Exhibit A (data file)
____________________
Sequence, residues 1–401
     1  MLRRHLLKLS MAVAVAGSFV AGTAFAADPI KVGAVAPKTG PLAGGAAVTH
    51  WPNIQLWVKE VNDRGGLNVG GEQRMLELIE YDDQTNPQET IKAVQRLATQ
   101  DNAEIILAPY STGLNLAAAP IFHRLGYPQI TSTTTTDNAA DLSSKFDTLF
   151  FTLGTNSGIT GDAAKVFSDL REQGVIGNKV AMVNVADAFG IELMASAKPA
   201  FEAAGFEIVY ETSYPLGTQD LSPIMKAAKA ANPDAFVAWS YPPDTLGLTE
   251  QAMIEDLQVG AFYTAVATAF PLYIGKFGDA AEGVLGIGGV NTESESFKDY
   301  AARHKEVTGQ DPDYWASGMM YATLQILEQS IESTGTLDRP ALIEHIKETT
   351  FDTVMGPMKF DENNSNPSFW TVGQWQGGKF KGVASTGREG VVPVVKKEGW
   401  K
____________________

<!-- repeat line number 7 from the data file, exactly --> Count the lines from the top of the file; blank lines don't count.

   251  QAMIEDLQVG AFYTAVATAF PLYIGKFGDA AEGVLGIGGV NTESESFKDY